Sunday, December 20, 2009

Don't Let Upcoming Holidays Trigger Past Addictions

Here's an article I wrote a year ago, and since it's Christmas time, I thought I'd publish it again today on my blog. Merry Christmas everyone.....

Holiday temptations to over-eat or drink too much can trigger a return to past addictions. For those who have stuck to their diets, or quit drinking or smoking, avoiding temptations can be especially tough with the extra stress created by this year's battered economy.

Right now, before the holidays are in full swing, is when you can call on the same inner resolve that led you to quit your past addictions in the first place. You can vow right now to be pro-active, and you'll be better prepared to resist holiday temptations and stress. On top of traditional temptations of holidays and social obligations, this year's holidays might prove even more stressful because of the dire state of the economy. A new CNN/Opinion Research Corp. poll reports that 75 percent of people surveyed said they are suffering high stress because of the economy. Here are five common sense tips to avoid letting the holidays or a bad economy undermine your addiction-free lifestyle:

Avoid friends and acquaintances who are not supportive of your resolve to stay free of past addictions. Even when you can't avoid holiday occasions involving non-supportive family members, minimize your time spent with them or insist on bringing along a supportive friend or relative.
Avoid environments that might tempt you to return to your past bad habits. If you have stopped drinking, don't go to holiday parties at bars or even homes where alcohol will be a major focus. Politely decline. Your health and lifestyle are more important than social obligations.
Take a stress-busting walk. Exercise is a great way to reduce stress. Every time you feel internal worries building up, take an energizing walk through the woods, at the beach, or even around the block outside your office. If you can't outside to take a walk, practice deep breathing exercises to calm you.
Start a new hobby. Instead of worrying about past bad habits, begin a new good habit. Find a hobby that interests you, and one that is fun, too.

Join a group. When you were addicted, life was all about you. Getting involved with other people who are doing something positive will stop you from focusing too much on yourself. Join a social group, enroll in a class or become a volunteer in your community. Volunteers are critically needed in a struggling economy, and especially before and during the holiday season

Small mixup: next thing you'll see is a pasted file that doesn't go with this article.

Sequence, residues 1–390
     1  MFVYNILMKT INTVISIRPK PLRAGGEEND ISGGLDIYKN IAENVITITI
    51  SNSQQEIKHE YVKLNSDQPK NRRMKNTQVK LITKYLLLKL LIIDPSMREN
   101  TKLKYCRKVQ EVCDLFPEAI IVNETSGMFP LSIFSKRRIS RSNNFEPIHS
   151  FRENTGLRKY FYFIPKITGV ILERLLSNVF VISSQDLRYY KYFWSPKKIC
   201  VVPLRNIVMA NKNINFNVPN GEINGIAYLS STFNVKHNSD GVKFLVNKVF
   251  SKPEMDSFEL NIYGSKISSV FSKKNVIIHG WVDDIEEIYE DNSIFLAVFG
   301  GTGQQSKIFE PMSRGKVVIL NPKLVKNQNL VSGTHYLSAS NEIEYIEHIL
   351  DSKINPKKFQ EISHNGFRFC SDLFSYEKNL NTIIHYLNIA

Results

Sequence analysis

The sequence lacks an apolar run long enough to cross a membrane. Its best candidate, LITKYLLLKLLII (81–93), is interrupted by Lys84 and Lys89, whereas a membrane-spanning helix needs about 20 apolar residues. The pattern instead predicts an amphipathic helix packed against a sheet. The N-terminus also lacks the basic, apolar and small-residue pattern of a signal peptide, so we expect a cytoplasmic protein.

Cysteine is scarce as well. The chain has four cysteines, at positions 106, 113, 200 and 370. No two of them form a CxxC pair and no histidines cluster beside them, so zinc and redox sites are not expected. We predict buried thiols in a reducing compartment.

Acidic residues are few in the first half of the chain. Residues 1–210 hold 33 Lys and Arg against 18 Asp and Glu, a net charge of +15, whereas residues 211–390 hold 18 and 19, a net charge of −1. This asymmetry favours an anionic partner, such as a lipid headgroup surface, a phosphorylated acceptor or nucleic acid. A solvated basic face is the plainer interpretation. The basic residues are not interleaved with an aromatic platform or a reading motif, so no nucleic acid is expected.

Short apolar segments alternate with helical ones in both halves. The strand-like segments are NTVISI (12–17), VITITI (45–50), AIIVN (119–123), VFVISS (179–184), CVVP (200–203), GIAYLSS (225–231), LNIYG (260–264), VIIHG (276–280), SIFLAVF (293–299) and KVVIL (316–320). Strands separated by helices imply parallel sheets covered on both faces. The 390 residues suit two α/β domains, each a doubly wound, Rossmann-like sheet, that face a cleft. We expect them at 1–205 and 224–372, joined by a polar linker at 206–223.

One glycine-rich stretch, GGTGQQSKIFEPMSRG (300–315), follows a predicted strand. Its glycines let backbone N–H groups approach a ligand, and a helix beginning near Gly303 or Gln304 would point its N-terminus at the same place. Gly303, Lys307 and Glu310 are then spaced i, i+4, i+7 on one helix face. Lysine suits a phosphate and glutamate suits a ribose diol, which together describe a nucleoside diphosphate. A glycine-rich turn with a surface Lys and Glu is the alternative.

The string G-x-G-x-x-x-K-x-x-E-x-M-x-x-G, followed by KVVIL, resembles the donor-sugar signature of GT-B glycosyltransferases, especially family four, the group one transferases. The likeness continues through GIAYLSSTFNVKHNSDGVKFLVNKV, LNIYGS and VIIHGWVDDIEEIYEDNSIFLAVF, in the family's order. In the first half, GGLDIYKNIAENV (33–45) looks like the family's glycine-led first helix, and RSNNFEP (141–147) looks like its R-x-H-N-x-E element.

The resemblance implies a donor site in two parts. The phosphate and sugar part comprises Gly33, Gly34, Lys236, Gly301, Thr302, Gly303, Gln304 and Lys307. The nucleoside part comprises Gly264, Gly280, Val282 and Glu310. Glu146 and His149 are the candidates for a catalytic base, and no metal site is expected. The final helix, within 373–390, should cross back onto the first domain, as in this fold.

Sunday, December 13, 2009

Just An Observation

I went to lunch with my mother yesterday like I always do on Saturday afternoons. We started this ritual after her husband died 5 years ago. She said she really enjoys it, and it's good to catch up on things with mom.

Yesterday I noticed a couple I recognized from high school years ago, sitting at the next table. I didn't know them, but I new they'd been married for about 25 years. The man was tall and thin, and his wife was I would guess, 75 pounds overweight. I remembered her in high school---thin, popular, outgoing---and now she was fat. She still had a pretty face.

I just observed them, wondering what the woman, now heavy, was probably thinking on a regular basis. I would guess thoughts like "why can't I be thin like I used to be" or "will I always be fat?" Or maybe she wasn't thinking any of those questions. Maybe she's come to terms with being fat.

Just an observation while I was having lunch.

Sunday, December 6, 2009

Is Today the Day You Quit Your Addiction?

Driving to the gym this morning and seemingly out of nowhere I thought of how possible it is for anyone suffering from addiction to quit today. Think about it. Let's say you've been an alcoholic for years, you've quit and gone back to it several times. You've lost confidence in yourself to the point where you never think you can quit. You're depressed and think it will never happen for you.

Then turn that thought process around. (Let's use that same example) You're hungover today, you have your coffee to wake up, you sit there thinking about the possibility of never drinking again, although it's hard to imagine that because you've failed so many times when trying to quit.

But today is different. Your mind opens up for the first time to the reality that it IS possible to quit. Oh my God! You see that it's doable. You make plans for your future because you've decided drinking was a thing of the past. You realize that you are in charge of your life and if you say you want to put down that drink forever, you can. You also decide you won't let any thoughts of alcohol and wanting alcohol ever again to occupy your thoughts. You're giving it up right there--in your room today---drinking your coffee.

Does it seem like a possible scenario? That's exactly how it happened for me over 22years ago, the day I gave up alcohol and I never looked back.